Mar 31 (GIN) – The N.Y.-based Committee to Protect Journalists is protesting the “degrading” treatment of a newspaper editor whose piece critical of the Chief Justice of Swaziland angered the top judge.
Editor Bheti Makhubu and human rights attorney Thulani Maseko were both called into court on contempt charges by Michael Ramodibedi, the justice spotlighted in separate pieces that appeared in the independent newspaper The Nation. Makhubu and Maseko scored the judge for locking up an inspector who monitored the abuse of government vehicles. The inspector, who had impounded the car of another top judge, served a week behind bars and was released on bail.
Maseko’s and Makhubu’s opinion pieces in The Nation questioned the arrest of inspector Bhantshana Vincent Gwebu and criticized the lack of impartiality of the Swazi judicial system.
It was published pictures of Makhubu being brought into court in leg irons that truly infuriated Swazi human rights activists. Musa Hlophe, coordinator of the Swaziland Coalition of Concerned Civic Organisations, wrote: “What an insult to those Swazis who cherish the ideal of respect for human dignity.” The Constitution, he said, states in Section 18 that “The dignity of every person is inviolable and a person shall not be subjected to torture or to inhuman or degrading treatment or punishment.”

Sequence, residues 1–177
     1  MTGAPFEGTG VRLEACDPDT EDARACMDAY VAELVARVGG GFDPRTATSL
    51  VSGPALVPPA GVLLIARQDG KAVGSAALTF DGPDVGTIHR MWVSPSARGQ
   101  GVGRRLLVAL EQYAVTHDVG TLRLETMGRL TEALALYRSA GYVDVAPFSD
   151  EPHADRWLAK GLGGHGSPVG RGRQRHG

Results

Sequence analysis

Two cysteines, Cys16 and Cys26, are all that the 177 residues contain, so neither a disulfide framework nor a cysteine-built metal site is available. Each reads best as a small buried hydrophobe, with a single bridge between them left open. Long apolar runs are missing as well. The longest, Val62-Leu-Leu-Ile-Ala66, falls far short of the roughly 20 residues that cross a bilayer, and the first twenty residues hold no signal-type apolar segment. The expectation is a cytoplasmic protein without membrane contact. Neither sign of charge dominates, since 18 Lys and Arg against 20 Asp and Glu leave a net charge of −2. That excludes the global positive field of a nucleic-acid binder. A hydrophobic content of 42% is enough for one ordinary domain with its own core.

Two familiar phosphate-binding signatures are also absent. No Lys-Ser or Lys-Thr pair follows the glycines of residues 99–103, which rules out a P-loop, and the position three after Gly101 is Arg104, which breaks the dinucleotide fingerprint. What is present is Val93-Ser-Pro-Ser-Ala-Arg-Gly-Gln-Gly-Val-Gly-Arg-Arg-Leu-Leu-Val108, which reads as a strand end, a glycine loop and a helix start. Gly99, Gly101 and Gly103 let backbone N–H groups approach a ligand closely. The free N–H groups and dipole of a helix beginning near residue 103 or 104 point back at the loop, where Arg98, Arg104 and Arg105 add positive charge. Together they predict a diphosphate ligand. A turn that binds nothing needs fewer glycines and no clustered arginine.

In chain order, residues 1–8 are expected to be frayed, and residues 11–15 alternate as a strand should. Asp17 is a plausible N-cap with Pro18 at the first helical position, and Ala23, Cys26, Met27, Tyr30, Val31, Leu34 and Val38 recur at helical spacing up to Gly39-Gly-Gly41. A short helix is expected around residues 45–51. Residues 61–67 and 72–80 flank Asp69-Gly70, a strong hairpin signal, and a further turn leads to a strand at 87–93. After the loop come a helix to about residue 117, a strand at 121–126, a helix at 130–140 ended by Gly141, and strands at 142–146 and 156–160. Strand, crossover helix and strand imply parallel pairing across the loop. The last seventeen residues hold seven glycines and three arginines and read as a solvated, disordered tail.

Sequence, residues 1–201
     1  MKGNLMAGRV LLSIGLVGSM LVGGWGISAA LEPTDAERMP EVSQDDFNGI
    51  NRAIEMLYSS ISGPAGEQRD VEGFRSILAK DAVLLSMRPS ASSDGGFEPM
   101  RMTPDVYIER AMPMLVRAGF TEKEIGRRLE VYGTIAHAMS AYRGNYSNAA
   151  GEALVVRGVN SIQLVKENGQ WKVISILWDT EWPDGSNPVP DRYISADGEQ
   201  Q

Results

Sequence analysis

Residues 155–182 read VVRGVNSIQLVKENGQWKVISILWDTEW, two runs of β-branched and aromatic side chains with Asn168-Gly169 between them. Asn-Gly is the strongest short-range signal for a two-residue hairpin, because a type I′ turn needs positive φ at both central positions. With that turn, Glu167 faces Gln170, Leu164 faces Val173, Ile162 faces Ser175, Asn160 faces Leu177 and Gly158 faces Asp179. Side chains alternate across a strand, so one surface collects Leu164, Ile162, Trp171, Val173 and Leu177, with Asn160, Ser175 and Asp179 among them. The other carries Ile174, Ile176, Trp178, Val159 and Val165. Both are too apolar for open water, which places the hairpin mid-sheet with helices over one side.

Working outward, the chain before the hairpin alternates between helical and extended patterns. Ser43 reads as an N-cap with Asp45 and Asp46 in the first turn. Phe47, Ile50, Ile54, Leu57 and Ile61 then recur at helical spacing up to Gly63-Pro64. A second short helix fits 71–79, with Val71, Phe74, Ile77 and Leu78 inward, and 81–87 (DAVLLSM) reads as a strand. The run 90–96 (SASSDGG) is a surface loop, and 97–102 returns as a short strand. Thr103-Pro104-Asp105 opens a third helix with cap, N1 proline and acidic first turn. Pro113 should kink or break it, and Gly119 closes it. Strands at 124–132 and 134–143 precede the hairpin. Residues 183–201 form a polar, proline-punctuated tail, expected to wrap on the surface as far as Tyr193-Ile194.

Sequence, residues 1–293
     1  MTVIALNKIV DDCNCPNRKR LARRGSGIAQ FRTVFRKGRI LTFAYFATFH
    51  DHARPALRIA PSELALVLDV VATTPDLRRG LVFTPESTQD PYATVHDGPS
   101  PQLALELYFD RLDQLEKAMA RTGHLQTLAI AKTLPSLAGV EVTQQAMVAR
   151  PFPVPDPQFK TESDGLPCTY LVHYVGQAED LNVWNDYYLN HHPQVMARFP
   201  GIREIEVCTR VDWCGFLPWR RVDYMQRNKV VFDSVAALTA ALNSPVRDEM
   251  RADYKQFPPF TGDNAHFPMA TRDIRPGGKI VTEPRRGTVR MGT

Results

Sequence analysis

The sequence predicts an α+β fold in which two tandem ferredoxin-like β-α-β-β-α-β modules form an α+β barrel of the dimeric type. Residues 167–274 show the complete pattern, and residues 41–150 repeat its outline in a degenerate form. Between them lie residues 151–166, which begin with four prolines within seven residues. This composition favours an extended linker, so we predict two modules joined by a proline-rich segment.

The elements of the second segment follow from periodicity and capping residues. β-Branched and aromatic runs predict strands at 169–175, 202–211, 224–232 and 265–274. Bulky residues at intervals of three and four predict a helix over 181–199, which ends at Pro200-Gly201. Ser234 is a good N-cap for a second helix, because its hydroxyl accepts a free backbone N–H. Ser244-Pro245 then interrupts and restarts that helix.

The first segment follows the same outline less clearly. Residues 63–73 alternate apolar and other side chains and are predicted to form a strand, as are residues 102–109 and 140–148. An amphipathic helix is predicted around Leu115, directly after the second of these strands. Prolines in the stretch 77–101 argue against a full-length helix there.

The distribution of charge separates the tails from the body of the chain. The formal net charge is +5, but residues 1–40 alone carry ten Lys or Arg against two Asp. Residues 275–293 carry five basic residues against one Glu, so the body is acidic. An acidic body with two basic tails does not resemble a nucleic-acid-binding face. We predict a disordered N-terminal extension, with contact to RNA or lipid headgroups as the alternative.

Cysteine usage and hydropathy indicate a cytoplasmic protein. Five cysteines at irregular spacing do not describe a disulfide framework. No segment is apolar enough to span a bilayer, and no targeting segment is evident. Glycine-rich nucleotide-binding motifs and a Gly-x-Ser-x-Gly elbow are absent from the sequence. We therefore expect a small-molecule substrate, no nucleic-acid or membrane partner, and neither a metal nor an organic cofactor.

“While it must be humiliating to have two prominent law-abiding citizens being incarcerated as the two have been,” continued Hlophe,”to put them in leg irons as though they were not only dangerous, but violent common criminals is totally inexcusable and insulting in the extreme.”
“Makhubu is a prisoner of conscience and not a common criminal for him to be subjected to such treatment,” said another legal expert. But a government public relations office, Sanele Mngotmetulu-Nxumalo defended the treatment. “It is one of the things that remain a secret. Security is very secretive. Therefore, if I can disclose to you when, how, why and to who we use leg irons, that could compromise our security. Security is very important to us,” she said.